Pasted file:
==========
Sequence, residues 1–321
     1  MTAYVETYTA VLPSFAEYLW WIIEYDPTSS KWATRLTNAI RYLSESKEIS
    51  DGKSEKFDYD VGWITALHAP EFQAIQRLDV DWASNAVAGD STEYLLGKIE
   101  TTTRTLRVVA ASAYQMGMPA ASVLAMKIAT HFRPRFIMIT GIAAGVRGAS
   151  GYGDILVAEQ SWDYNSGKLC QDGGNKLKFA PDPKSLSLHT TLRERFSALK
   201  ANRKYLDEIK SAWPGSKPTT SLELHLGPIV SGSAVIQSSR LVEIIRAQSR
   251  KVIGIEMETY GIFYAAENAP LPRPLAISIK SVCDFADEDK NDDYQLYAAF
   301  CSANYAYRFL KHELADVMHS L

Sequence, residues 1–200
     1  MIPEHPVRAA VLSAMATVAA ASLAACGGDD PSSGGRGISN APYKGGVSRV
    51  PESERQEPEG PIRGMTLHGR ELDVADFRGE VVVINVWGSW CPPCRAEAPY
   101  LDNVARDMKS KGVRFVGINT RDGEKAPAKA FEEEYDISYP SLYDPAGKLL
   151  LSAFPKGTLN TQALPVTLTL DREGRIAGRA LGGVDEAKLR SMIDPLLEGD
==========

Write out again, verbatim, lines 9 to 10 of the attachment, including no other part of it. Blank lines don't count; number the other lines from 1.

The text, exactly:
Sequence, residues 1–200
     1  MIPEHPVRAA VLSAMATVAA ASLAACGGDD PSSGGRGISN APYKGGVSRV